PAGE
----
As the number of Americans older than the traditional retirement age steadily rises, the United States is poised to revitalize its global economic strength by approaching its aging population not as a crisis, but rather a promising opportunity for economic growth. Please join Joseph Coughlin, Robert Hormats, and Kelly Michel to discuss the core of this approach, healthy and active aging, which will require serious public policy reform, new business strategies, and profound sociological shifts in views on aging.
On the occasion of CFR's 90th anniversary, we will examine through a series of meetings and other projects how policies at home will directly influence the economic and military strength of the United States and its ability to act in the world.
**Please note this meeting was previously scheduled for January 12, but will now be held on February 14.**
**For further analysis on the U.S. aging population, please see CFR Adjunct Senior Fellow Michael Hodin's blog post, Why 'Gray' is the New Golden Opportunity.
The World Health Organization has deemed "Aging and Health" the theme of this year's World Health Day, observed on April 4, recognizing its importance as a global issue. As the United States moves toward a new demographic landscape—by 2020 the number of Americans older than the traditional retirement age will have grown considerably—policy implications and innovation are likely to follow at home and abroad. Please join Michael Hodin, Robert Hormats, and Jane Shaw to discuss what is in store for a rapidly graying United States with a focus on the public and private sectors.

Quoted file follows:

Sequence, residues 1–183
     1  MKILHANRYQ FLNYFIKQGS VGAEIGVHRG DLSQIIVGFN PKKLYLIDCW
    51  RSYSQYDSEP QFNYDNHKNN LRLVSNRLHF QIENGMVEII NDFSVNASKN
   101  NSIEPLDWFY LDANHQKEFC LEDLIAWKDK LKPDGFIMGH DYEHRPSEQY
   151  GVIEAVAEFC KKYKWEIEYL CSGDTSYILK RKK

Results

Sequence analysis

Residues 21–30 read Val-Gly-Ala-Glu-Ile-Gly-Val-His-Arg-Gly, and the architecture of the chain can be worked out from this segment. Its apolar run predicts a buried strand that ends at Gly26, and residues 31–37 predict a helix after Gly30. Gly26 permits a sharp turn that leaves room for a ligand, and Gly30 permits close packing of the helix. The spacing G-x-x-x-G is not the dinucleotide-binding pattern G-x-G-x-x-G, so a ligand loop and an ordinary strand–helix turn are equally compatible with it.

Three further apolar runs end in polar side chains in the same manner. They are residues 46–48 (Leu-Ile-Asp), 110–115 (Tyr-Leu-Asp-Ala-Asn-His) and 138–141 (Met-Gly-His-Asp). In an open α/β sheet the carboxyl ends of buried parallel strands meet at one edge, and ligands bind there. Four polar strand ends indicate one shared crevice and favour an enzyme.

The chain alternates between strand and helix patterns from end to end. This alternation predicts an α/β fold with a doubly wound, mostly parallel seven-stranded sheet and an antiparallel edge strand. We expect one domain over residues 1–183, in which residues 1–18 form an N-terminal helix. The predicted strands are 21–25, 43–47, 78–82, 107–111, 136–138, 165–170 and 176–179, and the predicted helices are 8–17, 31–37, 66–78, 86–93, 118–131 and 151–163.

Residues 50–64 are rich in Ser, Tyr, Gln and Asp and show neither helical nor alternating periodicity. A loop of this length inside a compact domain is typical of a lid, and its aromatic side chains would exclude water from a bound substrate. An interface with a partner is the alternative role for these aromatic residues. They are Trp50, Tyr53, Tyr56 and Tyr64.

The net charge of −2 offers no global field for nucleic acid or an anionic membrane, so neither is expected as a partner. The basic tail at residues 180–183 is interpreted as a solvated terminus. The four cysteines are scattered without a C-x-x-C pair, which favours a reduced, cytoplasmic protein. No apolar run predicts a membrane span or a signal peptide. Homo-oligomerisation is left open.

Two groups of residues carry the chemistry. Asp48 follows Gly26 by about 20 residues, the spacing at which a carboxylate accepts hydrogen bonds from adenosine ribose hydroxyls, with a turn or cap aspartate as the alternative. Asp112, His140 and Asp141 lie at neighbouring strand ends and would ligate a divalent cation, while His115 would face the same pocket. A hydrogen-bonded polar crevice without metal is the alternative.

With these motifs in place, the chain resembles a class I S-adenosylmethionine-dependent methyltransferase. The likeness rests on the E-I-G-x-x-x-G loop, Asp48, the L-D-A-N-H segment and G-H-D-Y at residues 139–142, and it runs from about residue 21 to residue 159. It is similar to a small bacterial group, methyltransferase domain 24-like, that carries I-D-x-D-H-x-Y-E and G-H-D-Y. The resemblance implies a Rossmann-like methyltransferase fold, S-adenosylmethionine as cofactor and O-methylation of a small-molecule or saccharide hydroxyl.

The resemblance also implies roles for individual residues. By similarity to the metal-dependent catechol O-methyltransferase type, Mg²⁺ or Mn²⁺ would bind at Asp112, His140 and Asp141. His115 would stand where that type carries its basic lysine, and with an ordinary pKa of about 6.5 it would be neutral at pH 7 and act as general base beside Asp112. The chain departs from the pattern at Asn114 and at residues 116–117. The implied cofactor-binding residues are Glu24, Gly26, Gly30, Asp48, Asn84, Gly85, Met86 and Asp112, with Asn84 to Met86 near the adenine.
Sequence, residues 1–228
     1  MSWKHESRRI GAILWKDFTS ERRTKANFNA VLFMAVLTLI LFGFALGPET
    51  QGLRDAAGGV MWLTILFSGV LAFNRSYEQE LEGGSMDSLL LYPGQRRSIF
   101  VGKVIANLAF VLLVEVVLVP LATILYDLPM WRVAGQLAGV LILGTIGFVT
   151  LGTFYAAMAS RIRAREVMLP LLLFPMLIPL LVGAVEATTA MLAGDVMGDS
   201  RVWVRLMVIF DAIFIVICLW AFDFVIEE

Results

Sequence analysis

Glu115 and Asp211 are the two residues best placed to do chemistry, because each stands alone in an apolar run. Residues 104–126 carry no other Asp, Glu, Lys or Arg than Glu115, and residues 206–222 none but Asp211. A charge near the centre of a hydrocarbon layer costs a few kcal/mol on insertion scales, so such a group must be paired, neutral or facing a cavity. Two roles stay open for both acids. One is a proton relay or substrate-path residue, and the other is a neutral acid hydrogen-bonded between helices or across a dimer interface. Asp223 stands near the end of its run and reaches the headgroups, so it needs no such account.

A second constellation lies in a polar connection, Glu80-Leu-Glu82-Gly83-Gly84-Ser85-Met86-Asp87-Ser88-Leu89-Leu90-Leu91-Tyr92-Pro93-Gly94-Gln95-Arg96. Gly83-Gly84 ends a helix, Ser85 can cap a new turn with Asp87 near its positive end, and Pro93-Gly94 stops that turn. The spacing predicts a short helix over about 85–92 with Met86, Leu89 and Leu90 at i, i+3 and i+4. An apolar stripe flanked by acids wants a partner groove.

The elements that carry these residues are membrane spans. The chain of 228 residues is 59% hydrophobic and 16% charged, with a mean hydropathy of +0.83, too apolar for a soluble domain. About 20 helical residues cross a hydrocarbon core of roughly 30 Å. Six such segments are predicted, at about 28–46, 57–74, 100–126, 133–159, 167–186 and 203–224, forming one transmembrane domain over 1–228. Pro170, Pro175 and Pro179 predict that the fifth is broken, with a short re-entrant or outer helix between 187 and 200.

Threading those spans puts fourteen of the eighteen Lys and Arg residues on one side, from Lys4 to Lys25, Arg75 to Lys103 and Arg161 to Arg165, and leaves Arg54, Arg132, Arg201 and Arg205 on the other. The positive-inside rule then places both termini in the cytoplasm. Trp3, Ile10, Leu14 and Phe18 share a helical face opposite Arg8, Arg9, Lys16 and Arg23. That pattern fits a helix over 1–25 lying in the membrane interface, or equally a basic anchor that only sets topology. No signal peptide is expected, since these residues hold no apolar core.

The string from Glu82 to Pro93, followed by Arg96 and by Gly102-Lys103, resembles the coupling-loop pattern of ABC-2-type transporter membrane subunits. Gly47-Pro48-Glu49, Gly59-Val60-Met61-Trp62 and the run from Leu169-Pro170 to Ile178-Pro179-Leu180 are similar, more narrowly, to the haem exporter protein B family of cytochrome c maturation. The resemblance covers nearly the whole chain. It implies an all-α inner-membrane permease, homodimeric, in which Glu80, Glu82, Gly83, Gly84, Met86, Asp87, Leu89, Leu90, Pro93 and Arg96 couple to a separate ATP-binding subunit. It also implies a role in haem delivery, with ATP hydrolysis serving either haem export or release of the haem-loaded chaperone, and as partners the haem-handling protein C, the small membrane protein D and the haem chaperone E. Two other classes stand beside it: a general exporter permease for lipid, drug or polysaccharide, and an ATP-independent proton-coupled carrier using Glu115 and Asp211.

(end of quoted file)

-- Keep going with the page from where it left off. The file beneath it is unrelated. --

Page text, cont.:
Williams argues that the status quo for peace operations in untenable and that greater U.S. involvement is necessary to enhance the quality and success of peacekeeping missions.
The authors argue that the United States has responded inadequately to the rise of Chinese power and recommend placing less strategic emphasis on the goal of integrating China into the international system and more on balancing China's rise.
Campbell evaluates the implications of the Boko Haram insurgency and recommends that the United States support Nigerian efforts to address the drivers of Boko Haram, such as poverty and corruption, and to foster stronger ties with Nigerian civil society.
In The Hacked World Order, CFR Senior Fellow Adam Segal shows how governments use the web to wage war and spy on, coerce, and damage each other. More
Red Team provides an in-depth investigation into the work of red teams, revealing the best practices, most common pitfalls, and most effective applications of these modern-day devil's advocates. More
Through insightful analysis and engaging graphics, How America Stacks Up explores how the United States can keep pace with global economic competition. More
Learn more about CFR’s mission and its work over the past year in the 2015 Annual Report. The Annual Report spotlights new initiatives, high-profile events, and authoritative scholarship from CFR experts, and includes a message from CFR President Richard N. Haass.
Read and download »